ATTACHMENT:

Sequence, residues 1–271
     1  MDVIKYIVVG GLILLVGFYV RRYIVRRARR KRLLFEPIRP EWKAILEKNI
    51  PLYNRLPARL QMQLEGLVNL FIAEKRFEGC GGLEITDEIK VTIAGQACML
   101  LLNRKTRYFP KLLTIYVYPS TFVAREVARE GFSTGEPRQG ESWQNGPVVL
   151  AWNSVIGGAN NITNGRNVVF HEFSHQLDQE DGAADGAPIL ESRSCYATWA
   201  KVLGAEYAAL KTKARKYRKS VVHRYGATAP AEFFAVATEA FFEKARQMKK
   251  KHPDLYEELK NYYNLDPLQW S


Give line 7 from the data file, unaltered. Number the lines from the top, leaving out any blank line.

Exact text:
   251  KHPDLYEELK NYYNLDPLQW S